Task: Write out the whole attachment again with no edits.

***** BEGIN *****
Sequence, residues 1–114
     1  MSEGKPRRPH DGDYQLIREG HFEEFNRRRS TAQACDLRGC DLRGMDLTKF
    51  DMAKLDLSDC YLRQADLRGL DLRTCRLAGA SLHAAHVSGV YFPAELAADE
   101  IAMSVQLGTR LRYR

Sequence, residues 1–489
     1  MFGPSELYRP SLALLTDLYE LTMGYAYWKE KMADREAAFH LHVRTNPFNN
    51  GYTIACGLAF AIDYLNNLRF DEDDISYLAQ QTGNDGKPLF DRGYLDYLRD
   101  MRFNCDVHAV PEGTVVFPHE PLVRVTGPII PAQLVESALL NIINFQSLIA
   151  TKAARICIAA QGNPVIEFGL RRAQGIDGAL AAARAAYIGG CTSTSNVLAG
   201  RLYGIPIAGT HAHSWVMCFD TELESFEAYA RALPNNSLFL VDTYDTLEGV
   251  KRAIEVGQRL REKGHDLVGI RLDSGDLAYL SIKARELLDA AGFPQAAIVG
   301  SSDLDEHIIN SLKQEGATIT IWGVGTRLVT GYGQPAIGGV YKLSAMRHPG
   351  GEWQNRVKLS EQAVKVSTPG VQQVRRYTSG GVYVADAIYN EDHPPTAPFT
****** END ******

Sequence, residues 1–114
     1  MSEGKPRRPH DGDYQLIREG HFEEFNRRRS TAQACDLRGC DLRGMDLTKF
    51  DMAKLDLSDC YLRQADLRGL DLRTCRLAGA SLHAAHVSGV YFPAELAADE
   101  IAMSVQLGTR LRYR

Sequence, residues 1–489
     1  MFGPSELYRP SLALLTDLYE LTMGYAYWKE KMADREAAFH LHVRTNPFNN
    51  GYTIACGLAF AIDYLNNLRF DEDDISYLAQ QTGNDGKPLF DRGYLDYLRD
   101  MRFNCDVHAV PEGTVVFPHE PLVRVTGPII PAQLVESALL NIINFQSLIA
   151  TKAARICIAA QGNPVIEFGL RRAQGIDGAL AAARAAYIGG CTSTSNVLAG
   201  RLYGIPIAGT HAHSWVMCFD TELESFEAYA RALPNNSLFL VDTYDTLEGV
   251  KRAIEVGQRL REKGHDLVGI RLDSGDLAYL SIKARELLDA AGFPQAAIVG
   301  SSDLDEHIIN SLKQEGATIT IWGVGTRLVT GYGQPAIGGV YKLSAMRHPG
   351  GEWQNRVKLS EQAVKVSTPG VQQVRRYTSG GVYVADAIYN EDHPPTAPFT